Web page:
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Karthik Rajamani

Currently, one of the key imperatives for enterprises to flourish is data analytics, and it takes a lot of collaborative data management and cross-functional analytics for the organizations to be data-centric.

Enter DataOps, an evolving methodology that integrates data, team, tools, and processes to become an efficient and a successful data-driven organization.

Before we start detailing the merits of a career in DataOps, let us catch a glimpse of the technology landscape in the past one and a half decades. An expert in web technologies such as .NET or Java circa was the most sought-after candidate until 2005 from a career standpoint. However, the prospects for this candidate had dwindled by 2015, as by then, there were a few lakh Java or .NET experts. By the start of the last decade, big data had emerged significantly. Additionally, the developers in demand by 2015 were the ones who knew how to work with Hadoop, Hive, Impala, Pig, or Spark.

Now, at the start of this decade, DataOps is one of the trending technologies that’s poised to take off. Data is regarded as the new oil, and rightly so. Hence global enterprises are trying to harness its enormous benefits. Big data systems help us work with a large amount of data. Cloud is for future storage requirements while Containers and DevOps aid us in working with data at a faster pace. But what do we do with the data in the legacy enterprise warehouses? Do they need to be discarded? Certainly not. So, how do we transfer it to the cloud? This is where DataOps comes to our rescue.

One company that has become synonymous with DataOps is StreamSets. Their products such as Control Hub, Data Collector, and Data Transformer have revolutionized the way we can work with data. Their products have democratized the data. A developer, a business analyst, a DBA, a data scientist, or anyone even with no coding background can easily pull data from various databases, move it to big data lake or cloud data lake, and start working on AI/ML models, Excel or tableau reports, etc. If you are a passionate data engineer, you can leverage your Scala/Python/SparkSQL skills to do complex transformations using Streamsets Transformer in a much faster and easier way.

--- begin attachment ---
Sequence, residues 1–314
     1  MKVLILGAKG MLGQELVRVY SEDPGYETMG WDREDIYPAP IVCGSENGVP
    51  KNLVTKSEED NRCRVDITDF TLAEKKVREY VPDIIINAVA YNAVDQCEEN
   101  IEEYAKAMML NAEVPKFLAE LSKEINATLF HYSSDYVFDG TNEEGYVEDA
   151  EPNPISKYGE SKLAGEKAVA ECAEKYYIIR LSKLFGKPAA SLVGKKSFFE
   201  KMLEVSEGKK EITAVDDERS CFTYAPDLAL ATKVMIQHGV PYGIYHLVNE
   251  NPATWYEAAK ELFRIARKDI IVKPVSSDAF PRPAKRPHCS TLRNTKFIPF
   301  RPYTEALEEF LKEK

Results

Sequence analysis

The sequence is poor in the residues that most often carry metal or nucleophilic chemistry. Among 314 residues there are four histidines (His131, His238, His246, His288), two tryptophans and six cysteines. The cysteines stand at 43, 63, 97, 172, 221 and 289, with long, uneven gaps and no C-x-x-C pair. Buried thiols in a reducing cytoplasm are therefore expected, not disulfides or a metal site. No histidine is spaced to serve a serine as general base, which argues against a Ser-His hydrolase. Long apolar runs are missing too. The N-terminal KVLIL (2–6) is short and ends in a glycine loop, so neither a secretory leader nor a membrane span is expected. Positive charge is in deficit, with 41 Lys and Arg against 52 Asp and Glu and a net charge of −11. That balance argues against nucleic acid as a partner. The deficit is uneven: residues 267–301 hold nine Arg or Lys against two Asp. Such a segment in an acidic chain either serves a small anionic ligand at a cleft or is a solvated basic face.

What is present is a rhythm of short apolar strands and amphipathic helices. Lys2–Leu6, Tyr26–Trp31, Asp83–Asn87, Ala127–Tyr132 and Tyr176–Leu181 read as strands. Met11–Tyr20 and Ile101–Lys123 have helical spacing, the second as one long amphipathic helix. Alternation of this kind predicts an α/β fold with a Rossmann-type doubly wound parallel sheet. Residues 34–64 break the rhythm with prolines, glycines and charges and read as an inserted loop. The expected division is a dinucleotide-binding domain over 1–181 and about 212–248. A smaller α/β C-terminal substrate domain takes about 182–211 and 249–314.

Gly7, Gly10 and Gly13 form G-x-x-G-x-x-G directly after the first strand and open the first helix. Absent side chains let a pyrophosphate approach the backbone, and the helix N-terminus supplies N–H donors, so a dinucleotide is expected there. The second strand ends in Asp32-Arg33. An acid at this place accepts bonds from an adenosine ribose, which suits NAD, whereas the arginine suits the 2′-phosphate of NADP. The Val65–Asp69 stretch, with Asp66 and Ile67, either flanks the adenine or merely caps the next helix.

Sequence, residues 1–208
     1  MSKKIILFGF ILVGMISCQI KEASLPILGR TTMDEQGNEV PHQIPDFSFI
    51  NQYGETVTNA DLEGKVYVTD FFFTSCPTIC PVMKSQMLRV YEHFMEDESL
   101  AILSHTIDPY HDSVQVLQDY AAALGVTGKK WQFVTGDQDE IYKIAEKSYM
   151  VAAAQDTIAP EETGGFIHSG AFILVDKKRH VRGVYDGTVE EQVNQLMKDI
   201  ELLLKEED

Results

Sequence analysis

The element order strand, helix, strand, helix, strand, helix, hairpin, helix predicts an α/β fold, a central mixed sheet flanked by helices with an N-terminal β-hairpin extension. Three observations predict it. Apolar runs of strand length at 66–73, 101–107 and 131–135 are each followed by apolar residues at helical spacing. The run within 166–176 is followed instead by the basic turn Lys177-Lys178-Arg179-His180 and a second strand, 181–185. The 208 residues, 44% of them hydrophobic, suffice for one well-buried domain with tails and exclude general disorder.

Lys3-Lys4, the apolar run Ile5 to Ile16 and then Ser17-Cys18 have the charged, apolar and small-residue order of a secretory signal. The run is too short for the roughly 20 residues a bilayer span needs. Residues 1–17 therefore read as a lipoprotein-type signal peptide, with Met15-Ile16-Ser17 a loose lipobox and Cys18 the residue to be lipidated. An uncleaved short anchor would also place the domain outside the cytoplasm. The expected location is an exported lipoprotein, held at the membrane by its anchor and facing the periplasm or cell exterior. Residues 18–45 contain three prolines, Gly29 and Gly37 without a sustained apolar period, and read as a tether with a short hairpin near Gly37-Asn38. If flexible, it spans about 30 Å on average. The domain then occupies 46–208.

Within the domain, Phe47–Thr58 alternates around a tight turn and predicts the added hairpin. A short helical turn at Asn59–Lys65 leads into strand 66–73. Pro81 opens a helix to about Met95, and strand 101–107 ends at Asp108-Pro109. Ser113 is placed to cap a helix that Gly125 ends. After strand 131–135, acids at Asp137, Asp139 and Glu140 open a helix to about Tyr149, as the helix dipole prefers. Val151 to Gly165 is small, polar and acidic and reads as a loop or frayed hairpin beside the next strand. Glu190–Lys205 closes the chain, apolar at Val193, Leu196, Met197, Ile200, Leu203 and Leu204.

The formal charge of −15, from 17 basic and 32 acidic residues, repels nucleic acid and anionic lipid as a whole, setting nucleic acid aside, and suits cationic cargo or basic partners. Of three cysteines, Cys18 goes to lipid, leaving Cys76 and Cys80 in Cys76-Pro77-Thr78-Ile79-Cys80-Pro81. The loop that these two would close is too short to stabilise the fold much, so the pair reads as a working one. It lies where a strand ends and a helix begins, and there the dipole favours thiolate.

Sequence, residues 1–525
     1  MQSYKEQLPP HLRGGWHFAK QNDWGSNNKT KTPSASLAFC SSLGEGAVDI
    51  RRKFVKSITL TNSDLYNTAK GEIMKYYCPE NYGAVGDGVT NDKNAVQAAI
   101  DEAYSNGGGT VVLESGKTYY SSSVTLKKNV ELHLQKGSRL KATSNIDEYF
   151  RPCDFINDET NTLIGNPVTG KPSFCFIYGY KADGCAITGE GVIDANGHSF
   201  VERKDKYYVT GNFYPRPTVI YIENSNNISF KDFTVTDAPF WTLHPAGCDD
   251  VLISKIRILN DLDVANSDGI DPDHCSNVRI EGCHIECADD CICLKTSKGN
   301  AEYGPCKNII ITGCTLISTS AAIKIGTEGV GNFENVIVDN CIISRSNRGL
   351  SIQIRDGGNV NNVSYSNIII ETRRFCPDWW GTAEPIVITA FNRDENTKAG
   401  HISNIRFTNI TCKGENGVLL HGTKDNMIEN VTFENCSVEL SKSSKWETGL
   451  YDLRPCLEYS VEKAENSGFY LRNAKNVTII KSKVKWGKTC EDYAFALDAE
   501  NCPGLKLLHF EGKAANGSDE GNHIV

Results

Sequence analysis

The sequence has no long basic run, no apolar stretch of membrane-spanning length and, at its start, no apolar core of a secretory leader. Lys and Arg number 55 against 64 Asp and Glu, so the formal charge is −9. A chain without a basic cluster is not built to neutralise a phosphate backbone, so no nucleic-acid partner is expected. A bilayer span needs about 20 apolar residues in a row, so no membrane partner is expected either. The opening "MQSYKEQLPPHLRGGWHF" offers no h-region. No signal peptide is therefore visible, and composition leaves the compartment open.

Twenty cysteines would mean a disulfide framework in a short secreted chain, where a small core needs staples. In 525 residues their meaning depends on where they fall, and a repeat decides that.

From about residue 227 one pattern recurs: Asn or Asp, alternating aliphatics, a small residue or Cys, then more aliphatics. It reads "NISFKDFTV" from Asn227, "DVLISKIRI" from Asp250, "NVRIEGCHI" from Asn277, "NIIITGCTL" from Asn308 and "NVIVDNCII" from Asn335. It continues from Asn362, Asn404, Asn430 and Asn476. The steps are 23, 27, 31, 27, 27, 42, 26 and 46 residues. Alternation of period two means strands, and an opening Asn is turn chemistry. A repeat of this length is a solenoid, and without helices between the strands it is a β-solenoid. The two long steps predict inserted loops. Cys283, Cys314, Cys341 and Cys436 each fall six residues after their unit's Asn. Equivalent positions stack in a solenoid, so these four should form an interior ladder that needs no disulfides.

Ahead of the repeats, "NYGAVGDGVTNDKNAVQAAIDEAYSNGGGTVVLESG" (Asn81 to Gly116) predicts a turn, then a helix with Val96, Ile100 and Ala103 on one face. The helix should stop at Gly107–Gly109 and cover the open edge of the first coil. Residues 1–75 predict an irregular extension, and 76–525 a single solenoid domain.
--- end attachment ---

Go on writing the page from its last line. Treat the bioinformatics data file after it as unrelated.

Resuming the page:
All of this sounds too interesting to be true, doesn’t it? Trust me, while it is interesting, it is also easy to learn and work it too. So, here’s the big question: Are you willing to learn a technology that is taking the market by storm? It is even more encouraging to learn DataOps given that while there is a huge demand for it, there are very few developers across the world.

Here are some exciting positions at TCS to further your career in DataOps.

  • Data Engineer

  • Data Architect

  • Streamsets Developer

  • Platform Engineer

  • Platform Architect

The TCS opportunities in DataOps are enriching if you’re looking to build a fulfilling career in information technology. TCS employees get a chance to upskill themselves in DataOps via in-house training. They also get to deploy learnings derived therein, in a real-time project. We are partnering with several customers across geographies to scale up with DataOps. You too can reap the abundant benefits of a DataOps career by joining the TCS family. To know more about fulfilling as well as rewarding opportunities, keep watching

It would be great to know your thoughts and insights on this blog. Do send us your views via an email to

We wish you the very best in your career.

About the author

Karthik Rajamani
Currently a Product Manager for TCS Analytics & Insights, Karthik Rajamani has donned various hats in the last 15 plus years in the IT industry. He’s been a Developer, Technical Lead, Lead Support Engineer, Project Manager, IT Business Analyst, Data Analyst, Data Engineer, Citizen Data Scientist, Product Evangelist, Tools Admin to name a few. A B.Tech in IT, Karthik has worked across Public Services, Hi-Tech, Life Sciences, Health Care, and BFSI industry verticals. He loves reading, learning new languages as well as learning about different cultures, and working with people to bring a multi-dimensional view to a problem. He believes in providing simple solutions, keeping the end-user in mind.
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